THE WING OF CHANGE. Take the elevator up to the 11th floor of Barnes-Jewish Hospital and you’ll see a new 21-bed unit dedicated to treating neurological patients while serving as a way to test different methods of providing care and preparing patients to return home. According to a St. Louis Post-Dispatch report, nurses have tested a theory of getting critically ill patients out of bed and moving around sooner than normal to prevent weakness and an increased susceptibility to complications. The results showed a reduction in the average length of stay at the hospital by one day for those patients. Another initiative will seek to educate patients sooner about what they can expect, with the thought that patient stress will decrease and a better outcome will be more likely. “Health systems need to start questioning which steps add value and which ones don’t,” said Jay Want, M.D., and chief medical officer at the Center for Improving Value in Health Care in Denver.

STAYING AHEAD OF THE GAME. A study published online in the Journal of the American Medical Informatics Association, found that clinical decision support applications that effectively use natural language processing to identify heart failure patients and calculate readmission risk helped to reduce 30-day mortality while improving discharge rates. A large mouthful, but essentially software (natural language processing) analyzed dictated reports from physicians to identify hospitalized patients with heart failure sooner. A second app utilized an Intermountain Healthcare-developed predictive score to determine heart failure patients' risk for 30-day hospital readmission and 30-day mortality. All the information was included in a report evaluated by the 354-bed hospital. Nearly one in four patients are readmitted to hospitals within 30 days of discharge because of heart failure. So, embracing new technologies to stay ahead of the game is something many hospitals should consider.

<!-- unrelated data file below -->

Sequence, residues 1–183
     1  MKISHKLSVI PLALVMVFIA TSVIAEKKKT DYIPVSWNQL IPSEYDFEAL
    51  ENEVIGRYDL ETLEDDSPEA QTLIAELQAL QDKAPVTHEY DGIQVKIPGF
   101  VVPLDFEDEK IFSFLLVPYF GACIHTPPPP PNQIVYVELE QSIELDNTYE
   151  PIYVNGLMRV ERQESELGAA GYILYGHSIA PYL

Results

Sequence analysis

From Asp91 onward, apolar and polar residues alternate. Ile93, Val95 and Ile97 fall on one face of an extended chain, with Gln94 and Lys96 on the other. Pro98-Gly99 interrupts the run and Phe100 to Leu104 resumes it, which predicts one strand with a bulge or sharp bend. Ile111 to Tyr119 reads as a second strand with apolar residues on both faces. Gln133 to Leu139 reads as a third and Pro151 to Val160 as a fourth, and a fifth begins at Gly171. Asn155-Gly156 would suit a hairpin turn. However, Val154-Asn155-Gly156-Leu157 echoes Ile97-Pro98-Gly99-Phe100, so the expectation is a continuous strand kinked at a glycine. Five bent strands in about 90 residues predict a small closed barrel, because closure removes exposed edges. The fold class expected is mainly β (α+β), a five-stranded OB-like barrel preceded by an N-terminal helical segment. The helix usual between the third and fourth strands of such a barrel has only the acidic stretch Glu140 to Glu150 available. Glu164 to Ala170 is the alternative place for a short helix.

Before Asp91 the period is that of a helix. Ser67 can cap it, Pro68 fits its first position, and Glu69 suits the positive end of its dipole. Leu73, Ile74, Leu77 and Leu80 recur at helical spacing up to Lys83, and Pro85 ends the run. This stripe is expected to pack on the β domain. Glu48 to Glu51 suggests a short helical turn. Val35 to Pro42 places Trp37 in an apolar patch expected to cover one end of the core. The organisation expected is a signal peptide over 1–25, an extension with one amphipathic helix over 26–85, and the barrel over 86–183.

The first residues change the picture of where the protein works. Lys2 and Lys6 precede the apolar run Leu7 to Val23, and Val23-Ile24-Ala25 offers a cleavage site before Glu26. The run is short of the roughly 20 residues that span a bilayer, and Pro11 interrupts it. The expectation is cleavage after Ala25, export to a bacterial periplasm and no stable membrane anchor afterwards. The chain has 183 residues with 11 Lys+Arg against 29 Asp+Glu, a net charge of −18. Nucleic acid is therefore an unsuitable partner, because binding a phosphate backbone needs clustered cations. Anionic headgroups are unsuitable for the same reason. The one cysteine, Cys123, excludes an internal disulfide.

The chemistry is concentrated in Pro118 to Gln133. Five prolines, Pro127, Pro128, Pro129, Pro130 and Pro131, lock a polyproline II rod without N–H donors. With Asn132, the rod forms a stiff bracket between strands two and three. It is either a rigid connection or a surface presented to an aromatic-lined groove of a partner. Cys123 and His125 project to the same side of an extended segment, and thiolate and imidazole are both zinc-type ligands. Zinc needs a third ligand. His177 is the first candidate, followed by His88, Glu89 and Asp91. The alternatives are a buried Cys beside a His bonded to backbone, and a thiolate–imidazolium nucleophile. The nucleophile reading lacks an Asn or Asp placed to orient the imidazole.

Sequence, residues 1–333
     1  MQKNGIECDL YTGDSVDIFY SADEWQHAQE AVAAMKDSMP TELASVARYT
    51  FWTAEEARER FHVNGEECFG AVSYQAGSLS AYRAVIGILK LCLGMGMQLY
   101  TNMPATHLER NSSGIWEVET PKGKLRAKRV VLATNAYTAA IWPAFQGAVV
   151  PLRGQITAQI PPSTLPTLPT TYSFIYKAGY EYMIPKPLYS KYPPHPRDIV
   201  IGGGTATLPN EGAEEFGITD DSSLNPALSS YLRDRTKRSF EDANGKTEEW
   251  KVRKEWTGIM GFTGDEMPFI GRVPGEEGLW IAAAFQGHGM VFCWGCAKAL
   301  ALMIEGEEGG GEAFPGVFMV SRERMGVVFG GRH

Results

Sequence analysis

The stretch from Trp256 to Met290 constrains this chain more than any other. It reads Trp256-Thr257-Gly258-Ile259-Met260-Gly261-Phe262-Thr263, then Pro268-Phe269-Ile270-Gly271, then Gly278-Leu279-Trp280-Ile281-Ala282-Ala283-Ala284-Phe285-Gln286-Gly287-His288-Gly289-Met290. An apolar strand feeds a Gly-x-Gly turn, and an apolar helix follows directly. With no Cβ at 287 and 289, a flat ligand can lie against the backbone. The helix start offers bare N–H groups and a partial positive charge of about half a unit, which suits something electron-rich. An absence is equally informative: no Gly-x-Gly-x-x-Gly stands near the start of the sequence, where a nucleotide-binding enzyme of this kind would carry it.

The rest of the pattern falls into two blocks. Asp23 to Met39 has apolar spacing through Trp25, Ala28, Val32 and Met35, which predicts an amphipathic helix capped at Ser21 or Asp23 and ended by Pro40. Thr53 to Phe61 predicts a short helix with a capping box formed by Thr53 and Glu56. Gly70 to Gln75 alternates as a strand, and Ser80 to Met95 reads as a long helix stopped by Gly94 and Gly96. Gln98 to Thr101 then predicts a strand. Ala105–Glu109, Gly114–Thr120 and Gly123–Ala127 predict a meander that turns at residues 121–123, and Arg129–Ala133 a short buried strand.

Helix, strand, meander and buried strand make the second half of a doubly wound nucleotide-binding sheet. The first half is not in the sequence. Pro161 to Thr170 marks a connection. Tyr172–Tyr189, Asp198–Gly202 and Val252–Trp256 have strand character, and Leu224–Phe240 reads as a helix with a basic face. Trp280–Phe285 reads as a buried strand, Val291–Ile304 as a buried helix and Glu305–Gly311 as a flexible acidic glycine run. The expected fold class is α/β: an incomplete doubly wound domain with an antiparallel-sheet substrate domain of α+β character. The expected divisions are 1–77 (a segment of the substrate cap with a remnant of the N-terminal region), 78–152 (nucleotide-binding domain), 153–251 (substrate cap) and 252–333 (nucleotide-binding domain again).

HAVE ANOTHER CUP, OR TWO of coffee that is. Yahoo recently reported that drinking more coffee may help to reduce the kind of liver damage associated with overindulging in food and alcohol. Nine previously published studies, totaling more than 430,000 participants, were given another look by researchers who found drinking two additional cups of coffee a day was linked to a 44 percent lower risk of developing cirrhosis. This liver disease kills more than 1 million each year worldwide and has no known cure. But before going out and loading up on vanilla latte frappés, patients shouldn’t take the findings as a remedy to counteract lifestyle choices that may severely damage the liver. “Unfortunately … drinking a few cups of coffee a day cannot undo the systematic damage that is the result of being overweight or obese, sedentary, excessive alcohol consumption or drastically mitigate an unhealthy diet,” said Samantha Heller, a senior clinical nutritionist at NYU Langone Medical Center, New York City.

YOU MIGHT HAVE MY BLESSING. While Pope Francis didn’t completely endorse using birth control to prevent the Zika infection in unborn children, he did display openness to its use, referring to contraception as the “lesser of two evils,” the ultimate “evil” being abortion, according to CRUX. When talking with reporters on board the papal plane from Mexico to Rome yesterday, Pope Francis referred to a decision by Pope Paul VI in the 1960s to allow Catholic nuns in the Congo to take contraceptives to avoid pregnancy due to rape. And as Zika continues to spread across the Americas, Pope Francis did make an appeal for doctors to find a vaccine for the virus.